Army veteran K.T. Robbins had never forgotten the French girl he had fallen in love with in 1944 when he was fighting in northeastern France during World War II.
After having to hurriedly say goodbye to Jeannine Ganaye when he was transferred to fight on the Eastern Front, he eventually returned to America after the war, got married and resigned himself to never seeing her again.
He held on to a black-and-white photograph of her as the only reminder of the time they shared together when he was 24 and she was 18 during the war.
Thousands of miles away in France, Ganaye, now Pierson, had also moved on with her life with the secret hope of one day seeing him again.
That day came last week when the two were reunited for the first time in 75 years by a French television station in a heartwarming scene ahead of the 75th anniversary of the D-Day invasion on the beaches of Normandy.
Robbins, 97, shared a sweet hug and kiss with Pierson, 92, in her French retirement home as all the years melted away in one moment.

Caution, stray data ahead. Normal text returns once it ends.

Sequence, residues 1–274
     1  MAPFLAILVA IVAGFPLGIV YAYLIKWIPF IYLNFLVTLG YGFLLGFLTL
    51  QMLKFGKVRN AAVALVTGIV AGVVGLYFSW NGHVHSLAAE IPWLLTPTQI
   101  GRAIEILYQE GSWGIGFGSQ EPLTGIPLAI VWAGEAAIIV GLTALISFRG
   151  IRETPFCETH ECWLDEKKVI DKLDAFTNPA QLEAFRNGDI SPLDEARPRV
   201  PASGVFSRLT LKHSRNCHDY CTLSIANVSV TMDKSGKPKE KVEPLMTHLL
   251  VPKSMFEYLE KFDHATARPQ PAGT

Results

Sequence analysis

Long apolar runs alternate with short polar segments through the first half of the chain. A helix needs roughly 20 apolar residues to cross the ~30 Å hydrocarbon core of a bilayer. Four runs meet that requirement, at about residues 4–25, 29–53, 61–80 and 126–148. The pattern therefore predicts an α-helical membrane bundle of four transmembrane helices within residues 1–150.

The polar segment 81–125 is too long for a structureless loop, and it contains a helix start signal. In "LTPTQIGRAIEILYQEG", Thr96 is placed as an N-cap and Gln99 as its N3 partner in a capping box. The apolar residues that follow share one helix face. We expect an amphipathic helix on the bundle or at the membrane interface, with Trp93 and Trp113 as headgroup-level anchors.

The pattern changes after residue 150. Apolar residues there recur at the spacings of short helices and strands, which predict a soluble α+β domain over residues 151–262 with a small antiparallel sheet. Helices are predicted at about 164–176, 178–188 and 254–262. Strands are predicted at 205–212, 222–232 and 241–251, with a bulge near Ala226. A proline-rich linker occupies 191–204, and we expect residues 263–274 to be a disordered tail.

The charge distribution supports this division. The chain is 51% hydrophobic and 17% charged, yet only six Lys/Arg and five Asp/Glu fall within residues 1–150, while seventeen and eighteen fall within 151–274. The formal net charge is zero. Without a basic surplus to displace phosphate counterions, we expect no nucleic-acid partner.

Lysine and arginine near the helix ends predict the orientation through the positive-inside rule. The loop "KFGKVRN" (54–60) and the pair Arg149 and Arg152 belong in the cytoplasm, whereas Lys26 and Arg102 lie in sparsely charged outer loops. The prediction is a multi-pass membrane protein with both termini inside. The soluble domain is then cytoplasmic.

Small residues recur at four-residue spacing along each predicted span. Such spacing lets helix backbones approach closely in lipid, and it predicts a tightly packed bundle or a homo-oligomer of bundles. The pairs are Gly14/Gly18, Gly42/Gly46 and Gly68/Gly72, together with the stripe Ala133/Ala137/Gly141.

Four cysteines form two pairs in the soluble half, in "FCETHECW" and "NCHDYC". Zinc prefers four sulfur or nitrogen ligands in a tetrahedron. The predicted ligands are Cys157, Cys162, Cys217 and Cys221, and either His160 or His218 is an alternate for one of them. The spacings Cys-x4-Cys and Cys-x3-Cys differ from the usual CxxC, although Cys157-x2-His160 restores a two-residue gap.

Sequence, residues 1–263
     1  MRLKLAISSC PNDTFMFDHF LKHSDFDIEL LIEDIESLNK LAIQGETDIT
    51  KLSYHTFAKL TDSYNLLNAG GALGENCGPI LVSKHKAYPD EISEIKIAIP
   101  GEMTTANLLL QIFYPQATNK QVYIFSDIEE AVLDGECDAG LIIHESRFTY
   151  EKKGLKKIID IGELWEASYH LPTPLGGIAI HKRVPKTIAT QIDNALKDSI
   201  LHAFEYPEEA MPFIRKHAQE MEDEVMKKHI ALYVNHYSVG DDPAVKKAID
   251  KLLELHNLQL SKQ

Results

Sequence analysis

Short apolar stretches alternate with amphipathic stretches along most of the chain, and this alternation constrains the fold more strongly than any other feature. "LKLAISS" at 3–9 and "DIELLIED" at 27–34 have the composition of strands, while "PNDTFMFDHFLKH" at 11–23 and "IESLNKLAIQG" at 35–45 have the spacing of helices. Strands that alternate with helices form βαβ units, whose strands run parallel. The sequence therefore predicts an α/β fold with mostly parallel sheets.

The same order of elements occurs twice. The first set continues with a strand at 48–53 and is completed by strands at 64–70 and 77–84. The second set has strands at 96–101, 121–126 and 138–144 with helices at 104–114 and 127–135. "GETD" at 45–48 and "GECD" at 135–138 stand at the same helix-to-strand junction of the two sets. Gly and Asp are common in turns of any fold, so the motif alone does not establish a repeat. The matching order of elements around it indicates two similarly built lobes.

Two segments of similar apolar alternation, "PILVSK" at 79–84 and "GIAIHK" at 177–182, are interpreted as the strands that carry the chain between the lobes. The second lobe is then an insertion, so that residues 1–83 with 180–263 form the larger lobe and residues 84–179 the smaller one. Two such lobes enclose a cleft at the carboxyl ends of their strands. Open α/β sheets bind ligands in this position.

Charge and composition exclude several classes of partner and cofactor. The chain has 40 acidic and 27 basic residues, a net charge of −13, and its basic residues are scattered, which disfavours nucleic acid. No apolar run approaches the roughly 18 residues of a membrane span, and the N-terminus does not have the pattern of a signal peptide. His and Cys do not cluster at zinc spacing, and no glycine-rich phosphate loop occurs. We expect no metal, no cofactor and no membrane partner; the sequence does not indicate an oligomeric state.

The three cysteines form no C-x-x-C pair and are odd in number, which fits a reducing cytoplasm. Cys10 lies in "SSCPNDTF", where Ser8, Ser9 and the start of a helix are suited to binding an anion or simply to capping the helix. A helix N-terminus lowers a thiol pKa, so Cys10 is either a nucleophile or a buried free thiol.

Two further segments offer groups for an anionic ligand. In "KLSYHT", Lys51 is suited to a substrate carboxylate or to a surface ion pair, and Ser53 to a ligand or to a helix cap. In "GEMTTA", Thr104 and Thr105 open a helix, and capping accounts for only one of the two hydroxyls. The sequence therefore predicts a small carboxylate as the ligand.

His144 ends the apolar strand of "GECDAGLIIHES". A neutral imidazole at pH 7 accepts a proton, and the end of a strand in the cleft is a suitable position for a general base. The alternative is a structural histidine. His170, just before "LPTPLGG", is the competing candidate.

“I always loved you,” Robbins told her as they embraced. “You never got out of my heart.”
“He said he loves me,” Pierson said in French to reporters. “I understood that much.”
The amazing reunion came together when reporters from the television station France 2 interviewed Robbins about his World War II experience, and he showed them the old photograph of Pierson and reminisced about their time together.
The reporters tracked down Pierson in France and gave Robbins the remarkable news that she was still alive and living only 40 miles away from where they once met in the village of Briey.
It brought back memories of their sudden separation when he was reassigned to the frontline.
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“I told her maybe I’ll come back and take you, but it did not happen like that,” Robbins said.
Pierson had even begun trying to learn English after the war ended in hopes that he would return, she told France 2.
“When he left in the truck I cried, of course, I was very sad,” Pierson said. “I wish, after the war, he hadn’t returned to America.”
Robbins was married to his wife, Lillian, for 70 years until her death at 92 in 2015, while Pierson got married in 1949 and had five children with her husband, who also has passed away.
“You know, when you get married, after that you can’t do it anymore,” Robbins said about any chance of a reunion when they were younger.
“I’ve always thought of him, thinking maybe he’ll come,” Pierson said. “I wish he had come back.”
Robbins had to leave his former love once again last week to attend the D-Day ceremony on June 6, but this time the two vowed to meet again soon.
“Jeannine, I love you, girl,” Robbins said as they parted.